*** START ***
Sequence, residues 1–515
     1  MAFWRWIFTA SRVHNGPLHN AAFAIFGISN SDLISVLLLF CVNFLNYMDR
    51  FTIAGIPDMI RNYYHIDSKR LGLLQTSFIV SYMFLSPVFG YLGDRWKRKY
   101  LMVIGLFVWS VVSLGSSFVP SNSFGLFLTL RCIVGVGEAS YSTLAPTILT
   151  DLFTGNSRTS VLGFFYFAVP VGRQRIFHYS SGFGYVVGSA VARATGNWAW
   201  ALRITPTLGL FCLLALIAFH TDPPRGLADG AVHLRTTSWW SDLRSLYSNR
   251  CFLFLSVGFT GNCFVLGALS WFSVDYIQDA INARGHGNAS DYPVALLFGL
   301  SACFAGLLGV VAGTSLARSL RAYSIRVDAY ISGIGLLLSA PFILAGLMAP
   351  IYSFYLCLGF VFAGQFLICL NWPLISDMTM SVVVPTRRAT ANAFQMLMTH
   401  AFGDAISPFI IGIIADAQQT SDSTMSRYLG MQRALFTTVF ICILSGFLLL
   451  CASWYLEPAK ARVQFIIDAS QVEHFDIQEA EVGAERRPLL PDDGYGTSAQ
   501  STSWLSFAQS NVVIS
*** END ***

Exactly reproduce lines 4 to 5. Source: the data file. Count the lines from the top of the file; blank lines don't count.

   101  LMVIGLFVWS VVSLGSSFVP SNSFGLFLTL RCIVGVGEAS YSTLAPTILT
   151  DLFTGNSRTS VLGFFYFAVP VGRQRIFHYS SGFGYVVGSA VARATGNWAW